Foreign capital is reluctant to go to places with political unpredictability, and an active war is raging. Securing negotiated settlement in the civil war and normalising relations with development partners in the West can also be what the political bosses could determine to pursue immediately. Ending the war in the north through negotiated settlement and resolving the insurgency in the south and west could improve productivity in conflict-affected areas. These would help alleviate the calamity in the short term.
The war in Ukraine makes a case for a move away from subsidies, especially on wheat, and orientation towards cash-based welfare support to low-income households. A willingness by subsequent administrations to flood the market with heavily subsidised wheat has dissuaded domestic production, which cannot hope to compete against cheap imports. Not only are the suppliers disincentivised, but such policies have also created an informal market by intermediaries that buy subsidised imports and sell them for higher than price ceilings. Nearly everybody has been losing in this way.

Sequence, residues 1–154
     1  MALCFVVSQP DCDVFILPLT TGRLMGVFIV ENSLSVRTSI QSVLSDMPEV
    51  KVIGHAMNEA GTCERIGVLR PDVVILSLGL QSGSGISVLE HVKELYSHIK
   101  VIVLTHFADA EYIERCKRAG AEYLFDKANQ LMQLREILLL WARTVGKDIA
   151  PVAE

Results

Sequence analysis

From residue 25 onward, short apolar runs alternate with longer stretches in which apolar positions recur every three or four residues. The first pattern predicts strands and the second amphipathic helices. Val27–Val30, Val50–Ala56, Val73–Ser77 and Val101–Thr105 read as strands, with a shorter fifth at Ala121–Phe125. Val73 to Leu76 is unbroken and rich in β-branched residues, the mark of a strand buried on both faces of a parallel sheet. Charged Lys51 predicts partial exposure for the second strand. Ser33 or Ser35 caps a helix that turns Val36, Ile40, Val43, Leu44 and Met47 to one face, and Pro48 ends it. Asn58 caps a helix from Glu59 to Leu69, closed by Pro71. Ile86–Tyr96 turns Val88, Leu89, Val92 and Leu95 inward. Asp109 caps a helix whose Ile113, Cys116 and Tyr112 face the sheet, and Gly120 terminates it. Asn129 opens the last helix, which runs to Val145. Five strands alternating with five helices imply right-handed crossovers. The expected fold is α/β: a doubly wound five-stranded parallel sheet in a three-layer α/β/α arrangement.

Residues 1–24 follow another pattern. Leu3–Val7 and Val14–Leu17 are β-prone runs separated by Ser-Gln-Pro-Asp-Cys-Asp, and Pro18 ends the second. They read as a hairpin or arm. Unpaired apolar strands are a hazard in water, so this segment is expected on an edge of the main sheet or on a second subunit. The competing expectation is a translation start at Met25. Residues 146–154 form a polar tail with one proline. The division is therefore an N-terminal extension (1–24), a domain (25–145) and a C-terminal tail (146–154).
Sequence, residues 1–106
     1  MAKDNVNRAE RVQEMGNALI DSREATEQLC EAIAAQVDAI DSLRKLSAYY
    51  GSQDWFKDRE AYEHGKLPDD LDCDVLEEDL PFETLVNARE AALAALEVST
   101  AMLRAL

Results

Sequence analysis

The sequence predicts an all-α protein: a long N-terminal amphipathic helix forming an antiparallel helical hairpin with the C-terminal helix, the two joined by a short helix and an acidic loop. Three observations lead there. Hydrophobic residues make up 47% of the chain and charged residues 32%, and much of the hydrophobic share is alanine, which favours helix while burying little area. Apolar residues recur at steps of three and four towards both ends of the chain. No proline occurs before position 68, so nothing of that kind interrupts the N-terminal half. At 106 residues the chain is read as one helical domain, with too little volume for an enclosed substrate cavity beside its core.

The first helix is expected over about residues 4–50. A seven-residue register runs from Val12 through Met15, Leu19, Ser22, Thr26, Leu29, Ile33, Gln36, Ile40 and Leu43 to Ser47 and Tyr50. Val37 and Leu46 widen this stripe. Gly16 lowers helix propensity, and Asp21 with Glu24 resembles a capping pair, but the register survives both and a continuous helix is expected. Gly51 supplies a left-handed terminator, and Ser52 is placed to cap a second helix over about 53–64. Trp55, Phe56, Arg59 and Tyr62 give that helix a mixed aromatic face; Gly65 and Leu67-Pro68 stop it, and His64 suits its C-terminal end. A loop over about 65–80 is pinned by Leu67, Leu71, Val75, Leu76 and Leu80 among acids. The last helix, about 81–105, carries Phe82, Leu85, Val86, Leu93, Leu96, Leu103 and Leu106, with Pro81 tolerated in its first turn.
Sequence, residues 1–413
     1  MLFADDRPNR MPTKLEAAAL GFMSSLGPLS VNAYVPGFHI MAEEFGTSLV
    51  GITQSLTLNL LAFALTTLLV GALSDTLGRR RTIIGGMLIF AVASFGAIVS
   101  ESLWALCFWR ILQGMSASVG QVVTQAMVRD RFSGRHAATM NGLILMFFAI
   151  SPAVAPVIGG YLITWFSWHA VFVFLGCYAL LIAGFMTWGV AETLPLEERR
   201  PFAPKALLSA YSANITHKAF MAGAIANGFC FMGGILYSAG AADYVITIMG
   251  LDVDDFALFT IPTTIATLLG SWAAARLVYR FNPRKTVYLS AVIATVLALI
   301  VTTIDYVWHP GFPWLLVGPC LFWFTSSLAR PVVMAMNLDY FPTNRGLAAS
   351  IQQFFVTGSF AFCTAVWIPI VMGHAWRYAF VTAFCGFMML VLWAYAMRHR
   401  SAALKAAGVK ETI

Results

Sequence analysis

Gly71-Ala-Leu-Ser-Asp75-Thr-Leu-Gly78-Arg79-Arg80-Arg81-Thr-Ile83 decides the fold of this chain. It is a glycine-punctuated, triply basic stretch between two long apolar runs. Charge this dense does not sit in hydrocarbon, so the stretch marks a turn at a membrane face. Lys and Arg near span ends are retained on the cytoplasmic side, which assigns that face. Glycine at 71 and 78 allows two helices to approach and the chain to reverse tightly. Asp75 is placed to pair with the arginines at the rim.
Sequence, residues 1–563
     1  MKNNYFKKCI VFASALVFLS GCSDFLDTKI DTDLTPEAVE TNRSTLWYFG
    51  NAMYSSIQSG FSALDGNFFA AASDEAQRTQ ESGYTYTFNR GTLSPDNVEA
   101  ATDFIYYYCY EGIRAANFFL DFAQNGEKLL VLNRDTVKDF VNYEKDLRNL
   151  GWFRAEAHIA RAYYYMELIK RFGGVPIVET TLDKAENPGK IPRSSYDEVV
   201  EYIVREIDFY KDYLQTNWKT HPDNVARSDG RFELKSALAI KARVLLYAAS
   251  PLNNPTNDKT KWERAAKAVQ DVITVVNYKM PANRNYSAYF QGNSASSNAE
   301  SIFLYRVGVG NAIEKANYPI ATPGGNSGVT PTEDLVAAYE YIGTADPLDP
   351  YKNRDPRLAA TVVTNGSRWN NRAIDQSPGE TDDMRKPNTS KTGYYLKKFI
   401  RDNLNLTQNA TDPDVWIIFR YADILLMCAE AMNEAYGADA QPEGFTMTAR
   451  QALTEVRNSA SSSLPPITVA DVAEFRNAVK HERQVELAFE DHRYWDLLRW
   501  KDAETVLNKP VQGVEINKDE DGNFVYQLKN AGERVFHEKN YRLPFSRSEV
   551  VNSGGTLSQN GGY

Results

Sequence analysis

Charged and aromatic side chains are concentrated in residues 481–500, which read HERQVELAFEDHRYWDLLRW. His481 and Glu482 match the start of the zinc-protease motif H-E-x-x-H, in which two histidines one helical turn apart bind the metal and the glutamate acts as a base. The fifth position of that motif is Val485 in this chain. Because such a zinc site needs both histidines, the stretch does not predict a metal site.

The unintended consequences of the Ukraine war also need to be seen in the context of the past two years. COVID-19 has upended the assumptions underlying globalisation, and the liberal international order as only nation-states seemed capable of responding in meaningful ways while global efforts and institutions floundered. The aftermath of the war in East Europe will further compound the lesson that uncertainty is here to stay. In such a world, institutions like the central bank and the Finance Ministry need to develop strategic thinking and capabilities as challenges arise and give populations they serve to overcome adversities.
PUBLISHED ON Mar 05,2022 [ VOL 22 , NO 1140]